Yep. Mineral oil is great.
I'm just wondering what some good oils are for keeping my carbon blades coated with. I see some people have their blades covered pretty much all the time while they're sitting around and since nearly all my knives I have left are carbon steel, I though I should get something to oil them regularly. I'm looking for something inexpensive, that won't run off and disappear right away, and that won't stain/discolor the blade(if that's even possible). I saw a pic of a few knives this guy was selling and they all looked really messed up but it was actually motor oil they were saturated in. I'm not too keen on doing that but I thought I heard mentioned once that mineral oil was good to use but I could be mistaken cuz that was a while ago. I appreciate whatever help you guys/girls can give.
Yep. Mineral oil is great.
Pick up a silicone gun and reel cloth and wipe them down with that. They are inexpensive, last a long time, and they also clean and protect as you wipe the knife down.
Last edited by ac700wildcat; 01-12-2012 at 08:49 AM.
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mineral oil is good and cheap. Any kind of oil/wax will work. I wouldn't use cooking oil tho since it goes bad after awhile.
I use mineral oil and haven't had any problems while using it.
It comes off with use though so, unless you love patina like me, make sure you reapply after use.
Last edited by dtownknifekid; 01-11-2012 at 10:17 PM.
Just like every Remington I own, I soak my carbon blades in "Break free CLP" over night when I first get them. It seems to be the only thing that keeps rust off my 870 and I've never had rust issues with my knives. You can get it at Walmart for around $4 in the gun section.
My first thought was astro glide but mineral oil works really well.
l use mineral oil quite often because I have it on hand for use as honing oil. It is food safe, which is nice. Nowadays I have one of those tiny nalgene squirt bottles filled with it that stays in my pack for trail honing and maintenance.
Other things I have used are linseed oil, because it is on hand when working with axes, Birchwood Casey silicone rags, which are about the most permanent solution I've seen (and the easiest to apply) or fat/grease if I don't have anything else on hand.
I always use silicone cloths for wipe downs, silicone clear liquid ( A.G.Russell ) for use ( it dries and doesn't collect dirt), and for storage I use renn wax. I keep all my carbon and alloy steels clean and patina free . The paste wax even micro polishes the steel getting stuff out I didn't even know was there. I use no conventional oils at all with the exception of using them for cleaning. For lube needing pivots etc. I use dry teflon/ptfe containing stuff, or moly powder depending on the app. I used to keep graphite around but got sick of the mess. For storing knives that are rough, have scale or surface imperfections I have a more liquid type wax which is easier to apply on uneven surfaces. It takes longer to dry, isn't as shiny/pretty as paste wax but it does the job as well.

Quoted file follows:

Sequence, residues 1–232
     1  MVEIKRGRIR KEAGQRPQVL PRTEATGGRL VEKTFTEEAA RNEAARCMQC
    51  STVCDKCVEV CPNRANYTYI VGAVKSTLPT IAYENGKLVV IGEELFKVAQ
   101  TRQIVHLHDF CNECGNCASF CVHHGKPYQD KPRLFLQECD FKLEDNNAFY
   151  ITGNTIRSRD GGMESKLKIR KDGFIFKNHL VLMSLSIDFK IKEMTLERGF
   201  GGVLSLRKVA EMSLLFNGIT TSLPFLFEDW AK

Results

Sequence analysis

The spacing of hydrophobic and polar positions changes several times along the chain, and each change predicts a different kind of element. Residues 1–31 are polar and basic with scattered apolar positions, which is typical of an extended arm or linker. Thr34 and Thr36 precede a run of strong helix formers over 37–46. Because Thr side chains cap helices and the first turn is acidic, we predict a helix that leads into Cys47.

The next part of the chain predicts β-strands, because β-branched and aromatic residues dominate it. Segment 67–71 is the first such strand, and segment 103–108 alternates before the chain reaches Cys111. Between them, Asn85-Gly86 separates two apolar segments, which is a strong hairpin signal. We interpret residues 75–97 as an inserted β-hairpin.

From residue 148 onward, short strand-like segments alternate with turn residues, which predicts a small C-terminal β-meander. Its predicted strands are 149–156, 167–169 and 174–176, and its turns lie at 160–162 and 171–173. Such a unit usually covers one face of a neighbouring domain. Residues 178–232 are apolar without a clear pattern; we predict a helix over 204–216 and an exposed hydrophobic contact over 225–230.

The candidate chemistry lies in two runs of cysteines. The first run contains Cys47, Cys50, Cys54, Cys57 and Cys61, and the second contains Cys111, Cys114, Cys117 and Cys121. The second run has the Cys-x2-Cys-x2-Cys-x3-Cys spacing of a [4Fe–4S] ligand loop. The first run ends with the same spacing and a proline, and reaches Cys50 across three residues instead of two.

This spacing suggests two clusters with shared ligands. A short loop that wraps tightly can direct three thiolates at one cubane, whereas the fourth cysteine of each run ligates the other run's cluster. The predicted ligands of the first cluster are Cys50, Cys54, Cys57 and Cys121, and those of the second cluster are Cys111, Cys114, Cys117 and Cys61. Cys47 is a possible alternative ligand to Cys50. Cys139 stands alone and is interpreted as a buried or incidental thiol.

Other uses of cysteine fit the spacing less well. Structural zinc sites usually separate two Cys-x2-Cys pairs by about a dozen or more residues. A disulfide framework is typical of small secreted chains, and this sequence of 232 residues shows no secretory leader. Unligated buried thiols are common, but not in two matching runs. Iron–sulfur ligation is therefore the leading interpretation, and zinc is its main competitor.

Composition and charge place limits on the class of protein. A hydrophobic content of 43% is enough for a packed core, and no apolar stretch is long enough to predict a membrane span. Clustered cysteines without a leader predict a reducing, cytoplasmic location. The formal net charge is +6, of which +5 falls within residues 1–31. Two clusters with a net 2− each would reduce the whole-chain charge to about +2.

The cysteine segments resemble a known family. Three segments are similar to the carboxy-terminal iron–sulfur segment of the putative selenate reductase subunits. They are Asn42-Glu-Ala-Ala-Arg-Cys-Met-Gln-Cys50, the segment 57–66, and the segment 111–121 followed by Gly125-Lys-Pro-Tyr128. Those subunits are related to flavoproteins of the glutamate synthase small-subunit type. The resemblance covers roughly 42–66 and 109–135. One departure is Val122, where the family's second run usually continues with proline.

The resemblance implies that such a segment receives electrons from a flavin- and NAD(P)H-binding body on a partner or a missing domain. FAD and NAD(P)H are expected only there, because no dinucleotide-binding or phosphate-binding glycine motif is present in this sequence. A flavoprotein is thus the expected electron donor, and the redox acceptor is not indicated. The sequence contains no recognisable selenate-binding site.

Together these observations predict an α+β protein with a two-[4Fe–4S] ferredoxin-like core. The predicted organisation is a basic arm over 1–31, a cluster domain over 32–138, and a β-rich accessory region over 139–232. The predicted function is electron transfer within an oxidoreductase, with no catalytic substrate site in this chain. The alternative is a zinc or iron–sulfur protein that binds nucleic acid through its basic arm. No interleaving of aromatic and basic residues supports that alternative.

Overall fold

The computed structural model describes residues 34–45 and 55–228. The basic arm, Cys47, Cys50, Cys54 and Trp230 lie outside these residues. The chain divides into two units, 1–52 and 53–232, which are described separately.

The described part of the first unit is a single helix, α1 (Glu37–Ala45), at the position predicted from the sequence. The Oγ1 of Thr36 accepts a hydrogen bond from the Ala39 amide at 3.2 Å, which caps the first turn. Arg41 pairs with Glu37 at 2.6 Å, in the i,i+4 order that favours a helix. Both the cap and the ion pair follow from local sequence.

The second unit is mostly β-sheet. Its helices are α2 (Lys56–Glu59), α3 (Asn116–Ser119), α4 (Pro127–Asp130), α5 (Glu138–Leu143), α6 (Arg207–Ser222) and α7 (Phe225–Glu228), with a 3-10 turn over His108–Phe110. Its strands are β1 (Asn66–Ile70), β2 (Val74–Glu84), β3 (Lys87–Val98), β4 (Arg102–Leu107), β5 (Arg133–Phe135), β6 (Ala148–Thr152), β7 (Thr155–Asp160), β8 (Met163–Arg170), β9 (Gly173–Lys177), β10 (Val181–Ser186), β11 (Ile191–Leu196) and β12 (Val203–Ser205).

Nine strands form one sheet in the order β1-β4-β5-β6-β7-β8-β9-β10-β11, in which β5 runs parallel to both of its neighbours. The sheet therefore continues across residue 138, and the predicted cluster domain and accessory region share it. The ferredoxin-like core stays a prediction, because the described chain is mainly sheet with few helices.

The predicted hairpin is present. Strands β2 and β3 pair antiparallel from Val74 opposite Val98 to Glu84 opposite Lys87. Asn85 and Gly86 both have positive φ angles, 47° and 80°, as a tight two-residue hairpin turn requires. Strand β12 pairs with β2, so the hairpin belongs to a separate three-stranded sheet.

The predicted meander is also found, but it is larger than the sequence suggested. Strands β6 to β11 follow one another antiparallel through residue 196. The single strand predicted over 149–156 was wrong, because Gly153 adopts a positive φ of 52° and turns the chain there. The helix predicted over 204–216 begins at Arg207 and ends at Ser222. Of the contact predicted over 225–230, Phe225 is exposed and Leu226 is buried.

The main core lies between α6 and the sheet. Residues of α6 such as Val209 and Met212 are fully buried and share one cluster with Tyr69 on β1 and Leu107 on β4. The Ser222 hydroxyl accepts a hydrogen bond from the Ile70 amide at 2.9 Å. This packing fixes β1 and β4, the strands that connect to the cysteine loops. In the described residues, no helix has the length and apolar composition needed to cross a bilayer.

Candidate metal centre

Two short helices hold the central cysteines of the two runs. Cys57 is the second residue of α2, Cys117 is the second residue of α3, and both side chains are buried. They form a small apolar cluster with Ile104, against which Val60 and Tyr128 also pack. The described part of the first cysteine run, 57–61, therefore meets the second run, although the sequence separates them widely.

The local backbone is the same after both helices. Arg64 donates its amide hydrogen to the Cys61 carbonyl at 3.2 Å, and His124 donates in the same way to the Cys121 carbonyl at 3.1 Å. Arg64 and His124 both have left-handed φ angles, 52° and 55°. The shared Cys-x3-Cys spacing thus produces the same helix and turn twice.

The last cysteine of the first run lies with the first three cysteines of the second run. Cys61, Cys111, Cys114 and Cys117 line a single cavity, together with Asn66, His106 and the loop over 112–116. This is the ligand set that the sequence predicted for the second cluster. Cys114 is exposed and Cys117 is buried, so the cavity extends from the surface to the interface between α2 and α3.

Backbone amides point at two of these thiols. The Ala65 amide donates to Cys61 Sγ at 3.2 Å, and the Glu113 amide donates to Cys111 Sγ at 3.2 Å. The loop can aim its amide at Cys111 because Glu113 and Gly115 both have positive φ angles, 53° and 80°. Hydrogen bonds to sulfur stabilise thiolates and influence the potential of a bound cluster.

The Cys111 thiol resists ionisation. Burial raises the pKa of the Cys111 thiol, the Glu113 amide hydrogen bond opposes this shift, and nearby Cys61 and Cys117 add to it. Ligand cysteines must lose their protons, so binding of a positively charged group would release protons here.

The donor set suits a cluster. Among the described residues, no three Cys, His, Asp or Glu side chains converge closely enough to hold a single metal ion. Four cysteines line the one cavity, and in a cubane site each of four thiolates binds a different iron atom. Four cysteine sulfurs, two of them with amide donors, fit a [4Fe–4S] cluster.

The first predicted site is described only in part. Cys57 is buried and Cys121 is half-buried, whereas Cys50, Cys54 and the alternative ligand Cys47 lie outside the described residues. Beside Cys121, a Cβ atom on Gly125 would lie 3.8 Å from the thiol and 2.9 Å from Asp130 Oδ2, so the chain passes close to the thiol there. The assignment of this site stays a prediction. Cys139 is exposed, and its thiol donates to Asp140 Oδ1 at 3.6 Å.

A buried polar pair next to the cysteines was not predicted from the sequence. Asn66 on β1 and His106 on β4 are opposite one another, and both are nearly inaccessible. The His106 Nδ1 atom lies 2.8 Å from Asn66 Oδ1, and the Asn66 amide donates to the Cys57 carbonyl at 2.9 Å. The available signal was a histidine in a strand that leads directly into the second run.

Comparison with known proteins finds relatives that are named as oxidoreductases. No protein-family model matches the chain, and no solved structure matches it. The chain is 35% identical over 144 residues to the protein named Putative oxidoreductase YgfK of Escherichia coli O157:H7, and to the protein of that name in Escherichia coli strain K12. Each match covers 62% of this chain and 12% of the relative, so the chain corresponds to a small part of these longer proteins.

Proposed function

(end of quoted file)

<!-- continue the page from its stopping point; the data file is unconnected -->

I have coated 1095 and A2 knives. I use food grade mineral oil. It works well and I can use the knives on food if I want.
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If you are hard on your blades & leave them outside or in the truck ect... try this stuff. Fluid Film. It is avail at any John Deere dealer (at least by me it is). It is the best rust preventative i have ever used, period.
Yup, Mineral Oil, because I usually end up using any knife I carry for food.
Go to your local grocery store, in the medicine area you should be able to find a big jug of it under "digestive care" or whatever. It's sold as a laxative, but that's only if you take a big tbsp of it, so don't worry about a bit rubbing off into your food :P it also is odorless and tasteless.
I don't coat the blades on my users, though. I only coat the blades if they are going to be sitting in the drawer for awhile. When I'm cleaning/sharpening I might rub a very thin layer on, but it usually gets rubbed off quickly. For pivots I will use some 3 in 1, Mineral Oil is a bit thick for pivots, IMO.
Sewing machine oil for pivots n' stuff! It has among the lowest of viscosities. It's almost like water, so you don't need more than a drop (which is usually too much).
Last edited by stoffi; 01-12-2012 at 04:06 PM.
Give Chapstick or Burt's Bees lip balm a try. Has a lot more staying power than the less viscous hydrocarbons.
I just used BreakFree CLP tonight on my Buck Vantage, and it worked great. I've used all of the ones already mentioned, too, and none of my blades spontaneously disintegrated, so I think they all work pretty well.
Another breakfree CLP user here.
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